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Home > Financial Risk Management Checklists > The Foreign Exchange Market: Its Structure and Function

Financial Risk Management Checklists

The Foreign Exchange Market: Its Structure and Function


Checklist Description

This checklist describes how the foreign exchange market works and the types of transactions conducted on it.

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Definition

The foreign exchange market, also known as the forex, FX, or currency market, involves the trading of one currency for another. Prior to 1996 the market was confined to large corporate banks and international corporations. However it has since opened up to include all traders and speculators. The average daily turnover in forex markets is US$4.0 trillion, according to the Bank of International Settlements’s Triennial Survey from 2010. The market is growing rapidly as investors gain more information and develop more interest.

In trading foreign exchange, investors bet that one currency will appreciate over another; they profit when they bet correctly and collect the profit in the form of an interest rate spread when they return to the original currency. The profit margins are low compared with other fixed-income markets. Large trading volumes can, however, result in very high profits. Over half of all forex trading takes place in London and New York, with London dominating the market at 37% of all transactions. New York’s market share is 18%, with Tokyo ranked third at 6%. Singapore, Switzerland, and Hong Kong are the next-largest forex markets globally with approximately 5% market share each.

One type of very short-term transaction is the spot transaction between two currencies, delivering over two days and using cash as opposed to a contract.

In a forward transaction, the money is not exchanged until an arranged date and an exchange rate is agreed in advance. The time period ranges from days to years. Currency swaps are a popular type of forward transaction; these involve the exchange of currency by two parties for an agreed length of time and an arrangement to swap currencies at an agreed later date. Another type is a foreign currency future, which is inclusive of interest. A standard contract is drawn up and a maturity date arranged. The time schedule is about three months.

In a foreign exchange option (FX option), the most liquid and biggest options market in the world, the owner may elect to exchange money in a designated currency for another currency at an agreed date in the future. This type of transaction depends on the availability of option contracts on an organized exchange. Otherwise, such forex deals may be carried out using an over-the-counter (OTC) contract.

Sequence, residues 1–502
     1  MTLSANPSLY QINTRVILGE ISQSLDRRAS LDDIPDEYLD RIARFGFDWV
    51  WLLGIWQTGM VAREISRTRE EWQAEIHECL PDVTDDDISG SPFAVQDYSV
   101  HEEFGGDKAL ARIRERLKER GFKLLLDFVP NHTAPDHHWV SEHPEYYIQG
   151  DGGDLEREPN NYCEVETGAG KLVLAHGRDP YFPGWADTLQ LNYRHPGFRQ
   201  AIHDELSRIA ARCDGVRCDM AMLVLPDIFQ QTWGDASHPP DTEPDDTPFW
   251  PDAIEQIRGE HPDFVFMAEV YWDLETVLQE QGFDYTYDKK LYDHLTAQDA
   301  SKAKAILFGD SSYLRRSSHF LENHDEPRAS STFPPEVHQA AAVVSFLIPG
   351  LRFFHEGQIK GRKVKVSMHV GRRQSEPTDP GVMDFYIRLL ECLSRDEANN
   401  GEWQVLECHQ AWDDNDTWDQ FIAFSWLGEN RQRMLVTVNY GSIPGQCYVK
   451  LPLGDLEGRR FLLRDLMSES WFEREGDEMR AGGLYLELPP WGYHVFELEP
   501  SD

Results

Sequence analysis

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Advantages

  • The forex market is extremely liquid, hence its rapidly growing popularity. Currencies may be converted when bought or sold without causing too much movement in the price and keeping losses to a minimum.

  • As there is no central bank, trading can take place anywhere in the world and operates on a 24-hour basis apart from weekends.

  • An investor needs only small amounts of capital compared with other investments. Forex trading is outstanding in this regard.

  • It is an unregulated market, meaning that there is no trade commission overseeing transactions and there are no restrictions on trade.

  • In common with futures, forex is traded using a “good faith deposit” rather than a loan. The interest rate spread is an attractive advantage.

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Disadvantages

  • The major risk is that one counterparty fails to deliver the currency involved in a very large transaction. In theory at least, such a failure could bring ruin to the forex market as a whole.

  • Investors need a lot of capital to make good profits because the profit margins on small-scale trades are very low.

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Action Checklist

  • Be alert for unanticipated corrections and wild fluctuations in currency exchange rates.

  • Look for volatile markets that offer opportunities for quick profit.

  • Watch out for lost payments, and be aware of delays in payments and money received. There may also be discrepancies between bank drafts received and the original price of the contract.

  • It is wise to exit from the forex market at the point when your profit targets have been achieved as this ensures that you stay within the profit zone.

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Dos and Don’ts

Do

  • Make sure when you pick a pair of currencies that you understand their relationship.

  • Use a trading system that you can trust with your money.

Don’t

  • Don’t be greedy: take your profits at the right time.

  • Don’t be emotional when you trade.

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Further reading

Books:

  • Archer, Michael Duane. Getting Started in Currency Trading: Winning in Today’s Market. 4th ed. Hoboken, NJ: Wiley, 2012.
  • Chen, James. Essentials of Foreign Exchange Trading. Hoboken, NJ: Wiley, 2009.

Report:

  • Bank for International Settlements. “Triennial central bank survey: Report on global foreign exchange market activity in 2010.” December 2010. Online at: www.bis.org/publ/rpfxf10t.htm

Website:

  • Forex on Top, provides a ranked list of the most visited forex websites including trading platforms: www.forexontop.com

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